Vaughn Stein's debut is an incoherent and messy attempt at Neo-noir which has no substance and an exhausting amount of style, resulting in an experience so nonsensical it feels as though you dreamt it.
“Forgive me father, for I have sinned,” says a voice caught somewhere in the Indian Ocean, between East London and Sydney. This voice is to be our enigmatic femme fatale, a mystery to the point of complete bewilderment who spends more time quoting Lewis Carroll than speaking any actual sense. And if it is Carroll’s Wonderland to which Terminal aims to allude, it is successful only in leading you to wonder what on earth is happening and why anyone chose to make it.
In a dark and ambiguous city, somewhere between London and nowhere, the lives of four characters “intertwine” after meeting a mysterious and dangerous female figure (Margot Robbie). So far, so Neo-noir.
It is a fruitless task to even attempt a more fulfilling description of Terminal‘s plot, with its narrative feeling as disorientating as a tumble down Alice’s referenced rabbit hole. Some might argue this comes down to its influences; drawing from the ambiguous approach of classic Film Noir The Big Sleep and the hyper stylistic flourishes of Nicolas Winding Refn, a perplexing labyrinth may have been intentional. However, Vaughn Stein’s Terminal isn’t so much a labyrinth as it is a simple puzzle with most of the pieces missing.
The first of the four characters, played by Simon Pegg, is by far the film’s most interesting. A retired English teacher who has recently discovered he has a terminal illness, Bill contemplates beating death to it and ending his own life before his disease gets the chance. An intriguing conceit for a noir lead, had first time director Vaughn Stein not chosen to implement a throw away twist with little hint nor logical development towards its forthcoming. The same goes for the rest of Terminal‘s arcs, exploring very little within them before an attempt at a shock reveal delivers more on groans than gasps.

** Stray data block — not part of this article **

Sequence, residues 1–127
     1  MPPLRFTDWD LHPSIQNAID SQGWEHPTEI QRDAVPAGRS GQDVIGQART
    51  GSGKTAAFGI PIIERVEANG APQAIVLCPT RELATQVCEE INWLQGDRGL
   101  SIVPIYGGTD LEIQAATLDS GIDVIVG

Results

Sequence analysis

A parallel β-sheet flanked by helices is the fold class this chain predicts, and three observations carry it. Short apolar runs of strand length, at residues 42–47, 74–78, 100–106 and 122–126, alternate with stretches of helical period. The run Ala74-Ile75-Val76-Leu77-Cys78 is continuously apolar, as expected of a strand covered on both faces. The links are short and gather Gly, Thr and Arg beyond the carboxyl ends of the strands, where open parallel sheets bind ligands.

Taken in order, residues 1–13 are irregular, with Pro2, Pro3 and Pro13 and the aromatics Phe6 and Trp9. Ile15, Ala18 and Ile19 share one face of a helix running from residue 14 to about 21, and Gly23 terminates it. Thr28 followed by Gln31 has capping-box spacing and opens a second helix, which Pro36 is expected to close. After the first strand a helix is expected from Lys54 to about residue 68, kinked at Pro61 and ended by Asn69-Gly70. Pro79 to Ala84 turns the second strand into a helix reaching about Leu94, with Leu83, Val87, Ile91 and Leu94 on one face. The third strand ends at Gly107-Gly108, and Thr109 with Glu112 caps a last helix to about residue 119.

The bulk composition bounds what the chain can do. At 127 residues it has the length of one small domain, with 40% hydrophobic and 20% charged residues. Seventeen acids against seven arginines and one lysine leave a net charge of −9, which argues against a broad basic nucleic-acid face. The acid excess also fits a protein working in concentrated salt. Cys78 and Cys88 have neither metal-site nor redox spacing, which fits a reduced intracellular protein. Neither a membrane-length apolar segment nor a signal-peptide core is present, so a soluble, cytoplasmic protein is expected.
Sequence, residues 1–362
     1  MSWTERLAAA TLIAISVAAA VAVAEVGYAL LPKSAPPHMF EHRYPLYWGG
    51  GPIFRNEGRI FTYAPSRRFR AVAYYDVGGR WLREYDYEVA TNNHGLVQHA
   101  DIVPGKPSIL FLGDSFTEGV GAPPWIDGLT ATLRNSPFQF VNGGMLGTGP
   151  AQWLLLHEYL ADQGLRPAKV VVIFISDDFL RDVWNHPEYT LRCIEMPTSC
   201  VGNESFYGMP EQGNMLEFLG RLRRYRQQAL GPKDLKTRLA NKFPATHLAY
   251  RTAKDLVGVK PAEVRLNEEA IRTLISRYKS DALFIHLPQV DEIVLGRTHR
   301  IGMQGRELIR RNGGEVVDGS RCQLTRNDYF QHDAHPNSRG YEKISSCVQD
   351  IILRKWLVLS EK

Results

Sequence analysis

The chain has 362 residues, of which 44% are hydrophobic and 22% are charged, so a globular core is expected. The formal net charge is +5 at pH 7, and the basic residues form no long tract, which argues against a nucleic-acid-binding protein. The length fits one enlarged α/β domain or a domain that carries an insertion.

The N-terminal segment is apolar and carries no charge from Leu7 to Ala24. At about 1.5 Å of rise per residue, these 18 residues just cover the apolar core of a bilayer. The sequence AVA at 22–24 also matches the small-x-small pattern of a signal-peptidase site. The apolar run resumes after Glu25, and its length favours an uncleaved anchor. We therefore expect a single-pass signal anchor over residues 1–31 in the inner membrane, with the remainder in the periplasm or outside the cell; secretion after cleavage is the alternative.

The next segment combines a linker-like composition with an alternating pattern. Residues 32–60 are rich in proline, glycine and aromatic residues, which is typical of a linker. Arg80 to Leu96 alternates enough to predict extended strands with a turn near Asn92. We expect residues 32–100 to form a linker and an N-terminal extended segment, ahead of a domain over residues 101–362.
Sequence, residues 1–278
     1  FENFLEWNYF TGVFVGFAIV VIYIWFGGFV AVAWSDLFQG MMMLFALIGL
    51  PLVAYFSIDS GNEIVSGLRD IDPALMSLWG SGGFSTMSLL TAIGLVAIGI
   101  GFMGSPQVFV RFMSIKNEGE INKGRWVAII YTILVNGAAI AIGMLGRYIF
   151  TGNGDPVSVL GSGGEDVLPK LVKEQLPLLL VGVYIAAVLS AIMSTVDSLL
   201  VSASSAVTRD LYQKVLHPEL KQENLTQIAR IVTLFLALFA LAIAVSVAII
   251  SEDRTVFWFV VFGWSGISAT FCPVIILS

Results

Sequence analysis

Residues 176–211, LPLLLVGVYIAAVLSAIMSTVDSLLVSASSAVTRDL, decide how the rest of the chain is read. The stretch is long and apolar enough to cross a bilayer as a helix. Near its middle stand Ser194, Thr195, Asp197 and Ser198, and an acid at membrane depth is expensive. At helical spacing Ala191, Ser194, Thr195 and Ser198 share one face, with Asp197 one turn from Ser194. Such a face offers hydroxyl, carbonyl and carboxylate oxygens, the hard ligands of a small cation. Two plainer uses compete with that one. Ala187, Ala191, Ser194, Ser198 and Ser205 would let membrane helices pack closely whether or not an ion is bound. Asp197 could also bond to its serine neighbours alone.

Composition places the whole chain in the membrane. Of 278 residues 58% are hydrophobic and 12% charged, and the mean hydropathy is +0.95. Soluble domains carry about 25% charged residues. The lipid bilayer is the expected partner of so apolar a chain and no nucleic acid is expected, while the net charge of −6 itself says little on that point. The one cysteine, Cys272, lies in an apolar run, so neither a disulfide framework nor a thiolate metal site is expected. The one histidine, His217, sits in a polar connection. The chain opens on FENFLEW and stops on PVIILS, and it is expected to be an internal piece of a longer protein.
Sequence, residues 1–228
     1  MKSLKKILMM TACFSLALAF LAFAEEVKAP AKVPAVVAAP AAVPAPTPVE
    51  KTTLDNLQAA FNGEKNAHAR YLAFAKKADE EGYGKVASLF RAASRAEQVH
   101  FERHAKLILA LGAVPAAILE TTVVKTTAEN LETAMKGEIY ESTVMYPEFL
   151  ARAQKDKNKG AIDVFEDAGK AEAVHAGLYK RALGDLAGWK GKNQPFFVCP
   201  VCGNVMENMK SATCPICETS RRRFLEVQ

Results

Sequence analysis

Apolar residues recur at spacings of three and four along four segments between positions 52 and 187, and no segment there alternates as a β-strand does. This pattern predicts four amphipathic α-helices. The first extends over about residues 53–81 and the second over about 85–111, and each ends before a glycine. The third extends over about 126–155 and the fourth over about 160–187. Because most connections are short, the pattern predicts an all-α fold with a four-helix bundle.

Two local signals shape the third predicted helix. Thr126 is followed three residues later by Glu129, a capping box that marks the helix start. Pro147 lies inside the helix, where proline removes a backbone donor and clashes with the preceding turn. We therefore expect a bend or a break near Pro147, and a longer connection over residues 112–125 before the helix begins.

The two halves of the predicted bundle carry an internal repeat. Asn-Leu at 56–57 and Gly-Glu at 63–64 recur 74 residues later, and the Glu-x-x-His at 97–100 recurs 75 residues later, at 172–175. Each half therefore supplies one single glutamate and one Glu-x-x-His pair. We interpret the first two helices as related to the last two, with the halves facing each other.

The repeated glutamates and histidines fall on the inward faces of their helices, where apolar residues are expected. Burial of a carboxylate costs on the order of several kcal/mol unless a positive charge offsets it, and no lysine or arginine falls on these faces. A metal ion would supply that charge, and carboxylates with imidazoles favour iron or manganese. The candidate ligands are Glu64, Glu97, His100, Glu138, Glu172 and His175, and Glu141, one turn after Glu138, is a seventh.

Pegg, it also should be noted, provides the best performance of the stacked cast. Despite having very little to work with, Terminal offers his darkest role to date and reflects substantial range. Mike Myers meanwhile, whose turn involves the cartoonish portrayal of a train station janitor, provides evidence of nobody knowing exactly what the film is or wants to be, whilst Dexter Fletcher and Max Irons rein it in as your average British hit-man archetypes who could easily have just wandered onto the wrong set in search for Guy Ritchie. And, if they are lost, Margot Robbie certainly is. Off the back of her deserved Oscar contending performance in I, Tonya, she can here be seen battling with London-isms; her accent the vocal equivalent of English and Australian passports being shredded and haphazardly stitched back together.
Positives can only be caught briefly in the glimmer of some kind of artistic intent as well as the unmitigated oddness of the experience. Stein’s oneiric vision doesn’t come without undelivered potential; presenting very slight essences of Carax’s Holy Motors and the nostalgia of Neo-noir pastiche through Christopher Ross’ cinematography. The result, while trying to comprehend its nonsensical nature, is the feeling that you may have dreamt the whole thing.
At times, Stein’s debut fumbles toward the unwatchable. An exhausting expression of style over substance to the point that substance is overlooked altogether, Terminal is a neon drenched, soaked and dyed portrayal of both nothing and too much. It doesn’t know what it is, and neither does anyone watching. If Alice were to have fallen down the rabbit hole and been met with Robbie’s snake embellished tights and her attempt at an English accent, she probably would have made an attempt to crawl back up it. Terminal exists on no greater level than its surface, and, if Stein is given the opportunity to step behind the camera again, he may learn that a rabbit hole only goes as deep as the rabbit chooses to dig it.
Terminal (2018), directed by Vaughn Stein, is distributed in the UK by Arrow Films, Certificate 15.